As a graduate student in the late 1960s, James I. Lepowsky wanted to study both physics and mathematics. But he found little interaction between the two disciplines. Since their unfortunate divorce at the turn of the century, physics and mathematics have largely set off on separate paths, developing their own languages and specialties. Lepowsky, presently at Rutgers University in New Brunswick, N.J., chose the path of mathematics.

In the last few months, however, many mathematicians, including Lepowsky, have rediscovered physics. They are plunging into the intricacies of quantum field theory, seeking to understand the special mathematical methods physicists have developed for solving theoretical problems related to the nature of matter and the structure of the universe.

Behind the mathematicians' sudden fascination lies a new approach to quantum field theory developed by physicist Edward Witten of the Institute for Advanced Study in Princeton, N.J. His approach appears to tie together a wide range of mathematical ideas and may lead to a deeper insight into string theory, which attempts to provide a unified picture of gravity and quantum mechanics. Witten's "grand scheme" was the main topic of a recent, month-long special program at the Mathematical Sciences Research Institute in Berkeley, Calif.

"It's all fantastically exciting," Lepowsky says. "It's remarkable how many superficially different branches of mathematics are becoming understood as different aspects of the same thing."

The present excitement traces back to 1984, when Vaughan F. R. Jones of the University of California, Berkeley, formulated a new way of distinguishing knots. He produced a system of mathematical expressions called polynomials that can be used as labels for knots as pictured in a two-dimensional diagram. Different knots presumably have different polynomial labels (SN: 5/21/88, p.328).

Meanwhile, mathematicians at Oxford University in England were exploring connections between the shapes of surfaces and certain complicated equations used by physicists to describe the behavior of fundamental particles. Those connections led to the discovery that four-dimensional space has unexpectedly bizarre properties. In the course of this exploration, Michael F. Atiyah noticed a strong resemblance between Jones' knot ploynomials and some aspects of quantum field theory. He suggested the two were somehow related.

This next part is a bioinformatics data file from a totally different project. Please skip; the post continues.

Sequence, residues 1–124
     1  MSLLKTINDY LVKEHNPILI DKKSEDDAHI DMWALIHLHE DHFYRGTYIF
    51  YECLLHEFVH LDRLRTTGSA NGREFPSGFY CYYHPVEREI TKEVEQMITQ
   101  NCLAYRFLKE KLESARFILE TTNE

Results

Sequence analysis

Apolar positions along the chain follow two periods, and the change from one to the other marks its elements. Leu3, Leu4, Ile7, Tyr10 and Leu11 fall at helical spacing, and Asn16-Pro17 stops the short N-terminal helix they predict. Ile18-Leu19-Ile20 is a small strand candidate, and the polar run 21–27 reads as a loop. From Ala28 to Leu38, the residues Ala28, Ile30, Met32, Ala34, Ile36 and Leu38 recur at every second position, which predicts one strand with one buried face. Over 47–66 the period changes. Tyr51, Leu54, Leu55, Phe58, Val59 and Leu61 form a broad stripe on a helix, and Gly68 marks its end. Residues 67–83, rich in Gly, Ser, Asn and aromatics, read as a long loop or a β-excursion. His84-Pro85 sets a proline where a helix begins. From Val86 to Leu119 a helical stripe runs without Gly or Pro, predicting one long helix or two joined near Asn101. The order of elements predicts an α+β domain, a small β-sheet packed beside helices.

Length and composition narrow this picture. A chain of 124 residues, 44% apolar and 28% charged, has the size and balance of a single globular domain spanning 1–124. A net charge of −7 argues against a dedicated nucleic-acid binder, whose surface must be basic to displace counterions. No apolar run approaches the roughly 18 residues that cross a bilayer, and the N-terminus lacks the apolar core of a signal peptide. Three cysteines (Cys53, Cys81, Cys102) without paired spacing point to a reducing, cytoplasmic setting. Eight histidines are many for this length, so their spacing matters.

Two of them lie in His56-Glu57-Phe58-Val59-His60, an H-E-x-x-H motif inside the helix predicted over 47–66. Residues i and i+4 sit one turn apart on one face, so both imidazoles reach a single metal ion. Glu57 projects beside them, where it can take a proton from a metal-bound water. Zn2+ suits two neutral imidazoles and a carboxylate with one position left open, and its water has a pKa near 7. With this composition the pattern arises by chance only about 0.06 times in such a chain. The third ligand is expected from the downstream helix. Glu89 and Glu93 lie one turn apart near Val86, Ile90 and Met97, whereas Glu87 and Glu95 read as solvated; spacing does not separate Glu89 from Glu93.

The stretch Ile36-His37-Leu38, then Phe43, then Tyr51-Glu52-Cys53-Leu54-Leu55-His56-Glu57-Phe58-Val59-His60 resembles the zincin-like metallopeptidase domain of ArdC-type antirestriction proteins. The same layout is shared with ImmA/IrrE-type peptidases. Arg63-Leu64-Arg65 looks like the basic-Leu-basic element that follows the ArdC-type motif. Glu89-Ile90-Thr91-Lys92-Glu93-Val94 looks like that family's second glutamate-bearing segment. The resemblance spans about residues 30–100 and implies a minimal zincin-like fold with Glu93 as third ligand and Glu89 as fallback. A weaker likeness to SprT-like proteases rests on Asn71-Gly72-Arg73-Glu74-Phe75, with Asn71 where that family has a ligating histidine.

Witten, one of the chief proponents of string theory, took Atiyah's provocative suggestion seriously. In string theory, the world is no longer made up of elementary particles but of tiny strings that wriggle about. Different particles, whether electrons, quarks or neutrinos, correspond to strings vibrating in particular ways. This idea of a vibrating loop of string sitting in physical space resembles the mathematical notion of a knot as a twisted circle embedded in three-dimensional space.

Moreover, just as Einstein based his theory of gravity on geometric principles (the curvature of space), Witten wished to find a similar geometric foundation for string theory. String theory at its finest should be a new branch of geometry, Witten says.

Witten's "topological quantum field theories" hint at what such a geometrical foundation may look like. He starts with an appropriate mathematical description of an abstract geometrical space. To that description he applies techniques that physicists often use to introduce quantum rules into a system. Becuase Witten's theory has no physical content, it doesn't directly say anything about particles and forces in the real world. But the results do provide information about the space for which the calculations are done.

"At this point, it's still not clear what the impact will be on physics," says physicist Gary Horowitz of the University of California, Santa Barbara. "The main potentail application is to our understanding of quantum gravity and string theory. We need to understand string theory and topological field theories better to see exactly what the relationship is, but there is already a glimpse of a connection."

Mathematics, however, has already felt the impact of Witten's ideas. Because Witten's method can be applied to any twisted or deformed three-dimensional space containing a knot, his theory supplies a way of defining or identifying a knot in three dimensions. In addition, it provides for the first time a picture of what geometric information is encoded in a Jones polynomial. In the past, knot theorists could calculate a Jones polynomial for a given two-dimensional representation of a knot but had no idea how that information was related to the knot's three-dimensional form.

"Witten has done what I was trying to do," Jones says. "He has given a three-dimensional definition in terms of quantum field theory, which was what I suspected existed. But I didn't know enough quantum field theory to get it right."

Furthermore, mathematicians now see the possibility of a network of links joining quantum field theory to a variety of mathematical ideas, from knots and the geometry of curved spaces to algebra and group theory. Lepowsky, for one, is working on reconstructing knot theory from an algebraic viewpoint. "The underlying structures are so similar one should look for a deeper understanding of that connection," he says.

"Everything seems to be connected to everything else," says Robion C. Kirby of the University of California, Berkeley. "The subject is in a great state of flux, and nobody quite understands what's happening."

"The physicists are teaching us something that we didn't see in pure mathematics," adds John W. Morgan of Columbia University in New York City. "It's having a lot of influence on very active areas in mathematics."

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Author: | Peerson, Ivars |
---|---|

Publication: | Science News |

Date: | Mar 18, 1989 |

Words: | 890 |